Beyond Political Correctness: Toward the Inclusive University


272 pages
Contains Bibliography
ISBN 0-8020-7748-X
DDC 370.19'34




Edited by Stephen Richer and Lorna Weir

Alexander D. Gregor is associate dean of the Faculty of Education at the
University of Manitoba and co-editor of Postsecondary Education in
Canada: The Cultural Agenda.


There is little question that Canadian universities have been
essentially unguided by any coherent social policy. Although the student
body is now decidedly more heterogeneous than was formerly the case, it
is still far from reflecting the composition of the larger society.
Similarly, the curriculum is still a considerable distance from meeting
the needs of the existing student population, quite apart from the needs
of those groups critics feel should be better represented.

Unfortunately, that important search for solutions will be little
assisted by this book. While there are articulate and insightful
chapters—on matters ranging from academic freedom and the so-called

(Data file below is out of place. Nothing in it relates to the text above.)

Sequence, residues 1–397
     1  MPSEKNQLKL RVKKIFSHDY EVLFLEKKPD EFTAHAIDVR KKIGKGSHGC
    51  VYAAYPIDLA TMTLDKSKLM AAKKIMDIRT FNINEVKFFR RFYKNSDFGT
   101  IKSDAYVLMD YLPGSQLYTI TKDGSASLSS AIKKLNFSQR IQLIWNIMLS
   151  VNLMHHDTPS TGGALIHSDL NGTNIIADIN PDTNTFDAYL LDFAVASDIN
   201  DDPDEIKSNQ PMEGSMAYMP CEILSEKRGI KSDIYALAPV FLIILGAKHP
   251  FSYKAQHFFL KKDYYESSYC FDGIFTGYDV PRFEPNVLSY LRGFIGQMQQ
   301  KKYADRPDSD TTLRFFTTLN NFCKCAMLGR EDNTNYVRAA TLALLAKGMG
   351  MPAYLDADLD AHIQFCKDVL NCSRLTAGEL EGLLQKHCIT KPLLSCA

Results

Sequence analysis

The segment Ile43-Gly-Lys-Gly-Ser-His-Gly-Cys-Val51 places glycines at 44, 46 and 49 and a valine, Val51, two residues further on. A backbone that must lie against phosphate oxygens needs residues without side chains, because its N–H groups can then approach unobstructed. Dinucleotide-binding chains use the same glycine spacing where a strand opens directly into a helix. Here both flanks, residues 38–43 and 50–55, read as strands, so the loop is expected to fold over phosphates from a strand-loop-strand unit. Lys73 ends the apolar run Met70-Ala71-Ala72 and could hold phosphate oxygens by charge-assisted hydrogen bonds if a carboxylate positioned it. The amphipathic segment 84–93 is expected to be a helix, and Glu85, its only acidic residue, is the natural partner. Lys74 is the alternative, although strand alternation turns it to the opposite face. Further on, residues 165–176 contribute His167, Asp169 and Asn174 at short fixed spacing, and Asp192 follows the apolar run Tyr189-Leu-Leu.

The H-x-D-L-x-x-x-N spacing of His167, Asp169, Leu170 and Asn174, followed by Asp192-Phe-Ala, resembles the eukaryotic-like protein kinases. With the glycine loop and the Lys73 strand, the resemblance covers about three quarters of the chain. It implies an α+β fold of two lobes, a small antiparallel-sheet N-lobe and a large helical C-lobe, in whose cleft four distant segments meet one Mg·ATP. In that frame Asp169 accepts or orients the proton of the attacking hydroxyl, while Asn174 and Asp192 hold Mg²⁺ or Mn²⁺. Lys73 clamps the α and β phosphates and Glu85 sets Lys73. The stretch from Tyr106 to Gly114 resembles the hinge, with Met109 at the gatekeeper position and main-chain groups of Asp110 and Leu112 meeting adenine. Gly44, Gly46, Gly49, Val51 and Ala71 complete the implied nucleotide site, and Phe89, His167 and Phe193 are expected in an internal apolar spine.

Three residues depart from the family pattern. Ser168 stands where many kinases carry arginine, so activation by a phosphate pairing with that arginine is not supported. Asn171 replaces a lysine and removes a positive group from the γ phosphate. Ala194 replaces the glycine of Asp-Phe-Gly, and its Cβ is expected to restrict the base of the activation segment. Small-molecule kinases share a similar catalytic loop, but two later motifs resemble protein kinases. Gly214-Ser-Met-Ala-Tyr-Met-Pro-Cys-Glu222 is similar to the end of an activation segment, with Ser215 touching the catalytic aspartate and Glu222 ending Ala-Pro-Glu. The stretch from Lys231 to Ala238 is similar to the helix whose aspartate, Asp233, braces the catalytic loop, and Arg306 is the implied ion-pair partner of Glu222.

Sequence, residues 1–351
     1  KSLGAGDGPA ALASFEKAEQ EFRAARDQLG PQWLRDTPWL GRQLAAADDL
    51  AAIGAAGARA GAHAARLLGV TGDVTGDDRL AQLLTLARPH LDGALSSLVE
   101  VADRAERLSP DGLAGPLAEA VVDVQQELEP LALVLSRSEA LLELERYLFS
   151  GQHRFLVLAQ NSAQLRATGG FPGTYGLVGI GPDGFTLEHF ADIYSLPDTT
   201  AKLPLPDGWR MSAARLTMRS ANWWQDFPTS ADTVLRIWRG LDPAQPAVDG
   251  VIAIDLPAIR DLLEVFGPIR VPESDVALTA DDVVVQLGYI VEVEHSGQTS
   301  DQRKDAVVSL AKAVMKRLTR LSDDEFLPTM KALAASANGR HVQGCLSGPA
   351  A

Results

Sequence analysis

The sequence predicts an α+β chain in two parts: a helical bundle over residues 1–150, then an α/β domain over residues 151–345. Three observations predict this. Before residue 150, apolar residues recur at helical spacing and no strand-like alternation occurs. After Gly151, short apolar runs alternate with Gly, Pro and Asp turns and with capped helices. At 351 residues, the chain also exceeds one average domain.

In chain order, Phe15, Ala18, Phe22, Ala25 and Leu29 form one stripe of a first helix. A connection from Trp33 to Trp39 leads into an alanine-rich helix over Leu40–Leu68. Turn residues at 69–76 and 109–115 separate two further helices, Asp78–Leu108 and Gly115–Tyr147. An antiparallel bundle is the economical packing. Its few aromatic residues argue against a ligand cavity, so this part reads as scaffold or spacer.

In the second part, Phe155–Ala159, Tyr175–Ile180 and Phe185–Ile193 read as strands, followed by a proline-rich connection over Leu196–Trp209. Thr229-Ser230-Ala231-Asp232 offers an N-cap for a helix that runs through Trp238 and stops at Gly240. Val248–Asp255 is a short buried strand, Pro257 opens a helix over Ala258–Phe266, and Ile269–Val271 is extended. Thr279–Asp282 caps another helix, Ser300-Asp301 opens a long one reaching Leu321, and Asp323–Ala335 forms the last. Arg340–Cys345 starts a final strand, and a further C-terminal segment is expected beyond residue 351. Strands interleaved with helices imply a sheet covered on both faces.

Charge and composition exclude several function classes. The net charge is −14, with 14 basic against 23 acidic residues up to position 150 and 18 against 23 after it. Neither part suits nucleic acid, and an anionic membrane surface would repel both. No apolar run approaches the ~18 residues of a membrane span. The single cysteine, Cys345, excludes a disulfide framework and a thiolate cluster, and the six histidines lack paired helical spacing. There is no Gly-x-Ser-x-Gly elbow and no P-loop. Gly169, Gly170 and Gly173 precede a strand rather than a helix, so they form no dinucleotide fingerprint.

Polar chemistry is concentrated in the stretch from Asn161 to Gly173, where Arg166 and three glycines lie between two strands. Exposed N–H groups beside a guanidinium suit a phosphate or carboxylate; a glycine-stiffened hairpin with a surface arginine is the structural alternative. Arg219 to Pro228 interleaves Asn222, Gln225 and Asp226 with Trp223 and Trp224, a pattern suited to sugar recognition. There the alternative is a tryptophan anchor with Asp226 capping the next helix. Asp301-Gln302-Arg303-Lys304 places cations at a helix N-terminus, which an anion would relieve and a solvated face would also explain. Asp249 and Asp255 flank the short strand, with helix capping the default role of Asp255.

“critical pedagogy,” to the issues of equity vs. merit and
racism—these individual contributions are organized in a framework
almost certain to offend the general reader. The introduction casts the
debate in the form of a conspiracy theory, setting up a “straw
group” that is using arguments about merit and freedom for the sole
purpose of blocking equity and access. This approach does little to
encourage dialogue, which is further confounded by the use of opaque
academic language (e.g., “problematize,” “canonicity,” “new
meaning entailments”). The book’s unnecessary curtain of jargon
excludes the general reader, while its ideological cast limits appeal to
the converted. It is incumbent on the academic community to present
ideas both lucidly and in a fashion conducive to reasoned debate; that
test is not passed in this instance.


“Beyond Political Correctness: Toward the Inclusive University,” Canadian Book Review Annual Online, accessed July 12, 2024,